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What Is the Fair Value of the S&P? Over 20% Higher

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AAA corporate bonds suggest the bull has a long way to go.

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MINYANVILLE ORIGINAL In my last article What Is the Fair Value of the S&P? Ask Baa Long-Term Corporate Bonds, I presented the case that the most appropriate discount rates to use in valuing stocks were corporate bond yields. My rationale for picking corporate bonds over Treasuries was that the government can print money and corporations can't. In that article, my firm examined Baa bonds and concluded that stocks were substantially undervalued. This article will now examine the relationship between AAA long-term corporate bonds and equities to calculate a fair value estimate for the S&P.

Courtesy of the Federal Reserve Bank of St. Louis, we have monthly data for AAA and Baa corporate bonds going back to January 31, 1919. Courtesy of Robert Shiller, we have earnings yields going back to January 31, 1871. Using the oldest common starting date of January 31, 1919 for all, the historical average yield has been 5.86% for AAA bonds, 7.06% for Baa bonds, and 7.43% for stocks' earnings yield. Therefore, stocks' earnings yield has historically been 1.57% more than AAA corporate bonds yields and 0.37% more than Baa corporate bonds yields.

As of the November 30, 2012 close, AAA corporate bonds were yielding 3.58%. If you add the 1.57% historical stocks premium yield over AAA bonds, you obtain 5.15% for a fair value earnings yield. The earnings of the S&P are $87.92 per share. Therefore, the calculation of the fair value of the S&P by use of AAA corporate bonds is: 87.92 / 0.515 = 1,707.

With the S&P in the low 1400s, this indicator suggests that the S&P is substantially undervalued.

Is this indicator effective?

The all-time indicator high was 15.17% on June 30, 1949. A 266% bull market started on June 13, 1949, and it lasted for over seven years.

The post-1970s indicator high was 3.73% on September 30, 2011. From that date, stocks went up by over 30% within one year's time.

The all-time indicator low was -5.48% on September 30, 1987. Stocks fell 32.6% over the next 20 calendar days.

Let's update our Baa calculation to compare apples to apples.

As of the November 30, 2012 close, Baa corporate bonds were yielding 4.57%. If you add the 0.37% historical stocks premium yield over Baa bonds, you obtain 4.94% for a fair value earnings yield. The earnings of the S&P are $87.92 per share. Therefore, the calculation of the fair value of the S&P by use of Baa corporate bonds is: 87.92 / 0.0494 = 1,779.

It is encouraging to see two different methodologies producing such similar results.

Which method is better?

Let's test to see which methodology has been more accurate in the past. To define accuracy, we will use the average absolute value of (projected earnings yield minus actual earnings yield). The answers were startlingly similar. The average absolute value error for the AAA bonds was 3.18%; for the Baa bonds, it was 3.17%. In my previous article, I hypothesized that using Baa corporates bonds to value stocks would make more sense than using AAA corporate bonds because there are only four AAA companies. While my hypothesis was proven correct by a hair, the fact of the matter is these two methodologies are practically indistinguishable with respect to accuracy.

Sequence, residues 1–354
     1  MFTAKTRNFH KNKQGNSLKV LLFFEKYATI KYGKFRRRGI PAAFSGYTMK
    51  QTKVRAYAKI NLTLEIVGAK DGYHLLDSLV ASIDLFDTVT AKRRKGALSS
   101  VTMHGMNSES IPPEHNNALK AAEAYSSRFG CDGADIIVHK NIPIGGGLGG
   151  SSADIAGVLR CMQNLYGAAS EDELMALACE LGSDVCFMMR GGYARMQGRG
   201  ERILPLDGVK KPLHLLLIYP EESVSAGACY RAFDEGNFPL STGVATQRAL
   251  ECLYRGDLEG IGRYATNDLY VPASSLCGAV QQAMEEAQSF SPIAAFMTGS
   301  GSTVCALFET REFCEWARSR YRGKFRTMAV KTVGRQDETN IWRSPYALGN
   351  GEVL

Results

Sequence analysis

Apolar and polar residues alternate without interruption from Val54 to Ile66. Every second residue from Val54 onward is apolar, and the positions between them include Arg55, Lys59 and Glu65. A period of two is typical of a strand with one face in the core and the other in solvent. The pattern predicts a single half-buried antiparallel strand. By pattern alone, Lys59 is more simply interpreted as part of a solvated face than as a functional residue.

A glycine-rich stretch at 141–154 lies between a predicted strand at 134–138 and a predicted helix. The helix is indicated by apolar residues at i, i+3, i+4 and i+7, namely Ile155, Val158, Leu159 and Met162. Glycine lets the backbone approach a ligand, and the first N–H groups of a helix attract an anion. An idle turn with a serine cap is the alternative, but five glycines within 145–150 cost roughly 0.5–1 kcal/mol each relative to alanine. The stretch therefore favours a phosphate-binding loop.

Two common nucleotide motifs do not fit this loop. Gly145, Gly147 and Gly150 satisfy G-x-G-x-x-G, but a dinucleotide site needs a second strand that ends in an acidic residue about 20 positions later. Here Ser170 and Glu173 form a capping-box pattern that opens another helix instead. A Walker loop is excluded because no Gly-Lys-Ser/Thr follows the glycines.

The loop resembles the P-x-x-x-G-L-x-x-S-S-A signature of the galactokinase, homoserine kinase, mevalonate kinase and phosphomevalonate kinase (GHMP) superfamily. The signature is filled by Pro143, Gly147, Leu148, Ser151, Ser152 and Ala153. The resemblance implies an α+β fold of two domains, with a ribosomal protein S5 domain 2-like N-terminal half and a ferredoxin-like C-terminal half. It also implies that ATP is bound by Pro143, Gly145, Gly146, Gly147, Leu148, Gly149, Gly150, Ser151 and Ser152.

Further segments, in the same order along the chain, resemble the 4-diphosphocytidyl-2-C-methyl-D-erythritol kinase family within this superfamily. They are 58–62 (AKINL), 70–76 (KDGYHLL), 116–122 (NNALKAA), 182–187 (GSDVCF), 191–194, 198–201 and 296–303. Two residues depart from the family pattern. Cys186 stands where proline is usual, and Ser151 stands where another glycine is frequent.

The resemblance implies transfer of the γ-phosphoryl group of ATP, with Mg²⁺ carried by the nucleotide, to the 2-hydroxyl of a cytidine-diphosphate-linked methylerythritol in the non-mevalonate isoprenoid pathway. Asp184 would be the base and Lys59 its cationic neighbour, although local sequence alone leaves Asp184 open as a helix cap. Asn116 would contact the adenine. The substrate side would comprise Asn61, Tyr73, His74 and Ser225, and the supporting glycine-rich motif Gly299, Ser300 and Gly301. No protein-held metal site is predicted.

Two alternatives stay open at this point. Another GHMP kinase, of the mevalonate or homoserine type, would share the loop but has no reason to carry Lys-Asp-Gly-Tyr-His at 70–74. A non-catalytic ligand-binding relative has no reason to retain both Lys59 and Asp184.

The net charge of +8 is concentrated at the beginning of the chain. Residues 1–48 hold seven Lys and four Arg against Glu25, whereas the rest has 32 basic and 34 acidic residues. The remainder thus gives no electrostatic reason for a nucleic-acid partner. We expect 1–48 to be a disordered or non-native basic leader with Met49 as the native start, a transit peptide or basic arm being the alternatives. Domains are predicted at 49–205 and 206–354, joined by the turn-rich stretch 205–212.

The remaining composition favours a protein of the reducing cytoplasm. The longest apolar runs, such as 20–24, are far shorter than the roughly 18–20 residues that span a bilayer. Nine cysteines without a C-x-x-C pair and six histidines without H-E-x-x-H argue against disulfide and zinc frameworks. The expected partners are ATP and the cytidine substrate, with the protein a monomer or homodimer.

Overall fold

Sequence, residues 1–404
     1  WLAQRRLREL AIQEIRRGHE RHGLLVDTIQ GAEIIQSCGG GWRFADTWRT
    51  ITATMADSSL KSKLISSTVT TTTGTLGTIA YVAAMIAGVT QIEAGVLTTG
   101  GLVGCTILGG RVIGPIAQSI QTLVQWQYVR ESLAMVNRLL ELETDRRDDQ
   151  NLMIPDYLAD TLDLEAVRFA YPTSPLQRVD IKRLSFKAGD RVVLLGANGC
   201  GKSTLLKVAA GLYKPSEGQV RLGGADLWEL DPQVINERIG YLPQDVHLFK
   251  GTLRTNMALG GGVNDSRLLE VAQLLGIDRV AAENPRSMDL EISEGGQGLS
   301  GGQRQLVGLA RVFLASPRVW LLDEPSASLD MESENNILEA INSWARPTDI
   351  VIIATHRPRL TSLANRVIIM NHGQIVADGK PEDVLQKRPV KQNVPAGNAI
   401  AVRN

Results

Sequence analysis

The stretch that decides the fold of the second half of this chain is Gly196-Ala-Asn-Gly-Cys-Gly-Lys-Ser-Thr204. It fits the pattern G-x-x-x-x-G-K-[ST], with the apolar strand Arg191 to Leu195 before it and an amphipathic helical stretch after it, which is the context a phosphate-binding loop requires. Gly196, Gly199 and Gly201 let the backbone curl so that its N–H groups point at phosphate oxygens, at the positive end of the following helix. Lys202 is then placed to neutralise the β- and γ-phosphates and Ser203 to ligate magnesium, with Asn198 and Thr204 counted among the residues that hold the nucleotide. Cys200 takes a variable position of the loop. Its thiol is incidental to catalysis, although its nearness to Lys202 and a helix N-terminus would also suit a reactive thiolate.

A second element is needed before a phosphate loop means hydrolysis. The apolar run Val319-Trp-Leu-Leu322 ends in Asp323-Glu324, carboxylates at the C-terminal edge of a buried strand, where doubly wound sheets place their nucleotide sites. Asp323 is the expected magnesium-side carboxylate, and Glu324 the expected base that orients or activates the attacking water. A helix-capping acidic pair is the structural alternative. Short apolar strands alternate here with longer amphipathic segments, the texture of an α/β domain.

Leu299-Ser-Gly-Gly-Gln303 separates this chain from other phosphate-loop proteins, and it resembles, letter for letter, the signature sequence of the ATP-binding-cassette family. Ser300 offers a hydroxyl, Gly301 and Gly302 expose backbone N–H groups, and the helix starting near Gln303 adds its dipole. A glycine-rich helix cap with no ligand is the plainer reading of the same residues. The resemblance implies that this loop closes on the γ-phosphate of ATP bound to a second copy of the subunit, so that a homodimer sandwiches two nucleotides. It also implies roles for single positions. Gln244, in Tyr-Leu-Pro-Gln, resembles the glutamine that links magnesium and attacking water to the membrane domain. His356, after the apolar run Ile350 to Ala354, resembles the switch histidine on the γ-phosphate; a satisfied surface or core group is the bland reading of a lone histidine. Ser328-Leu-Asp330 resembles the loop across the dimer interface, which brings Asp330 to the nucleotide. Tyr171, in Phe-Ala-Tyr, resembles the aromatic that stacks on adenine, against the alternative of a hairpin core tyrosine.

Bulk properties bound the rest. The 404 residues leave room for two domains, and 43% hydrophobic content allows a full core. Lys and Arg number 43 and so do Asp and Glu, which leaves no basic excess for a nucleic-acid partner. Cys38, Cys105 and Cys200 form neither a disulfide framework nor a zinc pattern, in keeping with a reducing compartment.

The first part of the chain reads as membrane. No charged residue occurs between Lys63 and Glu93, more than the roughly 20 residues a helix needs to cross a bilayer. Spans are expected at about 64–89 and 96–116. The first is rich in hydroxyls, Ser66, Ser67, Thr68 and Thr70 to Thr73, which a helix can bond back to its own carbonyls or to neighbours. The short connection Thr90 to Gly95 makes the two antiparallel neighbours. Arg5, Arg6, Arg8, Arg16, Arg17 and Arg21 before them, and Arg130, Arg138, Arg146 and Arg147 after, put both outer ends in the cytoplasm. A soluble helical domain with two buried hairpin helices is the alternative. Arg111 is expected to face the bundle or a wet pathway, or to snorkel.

The AAA corporate bond indicator is suggesting that stocks still have room to go up over 20% before even hitting fair value. Quantitative easing III has only just begun. The masses incorrectly believe in the fiscal cliff myth . There has been a massive inflow of money into bond funds. All evidence suggests that the stock market hitting new all-time highs in 2013 is merely but a stepping stone on the way to the 1700s and possibly the 1800s.
No positions in stocks mentioned.
The information on this website solely reflects the analysis of or opinion about the performance of securities and financial markets by the writers whose articles appear on the site. The views expressed by the writers are not necessarily the views of Minyanville Media, Inc. or members of its management. Nothing contained on the website is intended to constitute a recommendation or advice addressed to an individual investor or category of investors to purchase, sell or hold any security, or to take any action with respect to the prospective movement of the securities markets or to solicit the purchase or sale of any security. Any investment decisions must be made by the reader either individually or in consultation with his or her investment professional. Minyanville writers and staff may trade or hold positions in securities that are discussed in articles appearing on the website. Writers of articles are required to disclose whether they have a position in any stock or fund discussed in an article, but are not permitted to disclose the size or direction of the position. Nothing on this website is intended to solicit business of any kind for a writer's business or fund. Minyanville management and staff as well as contributing writers will not respond to emails or other communications requesting investment advice.

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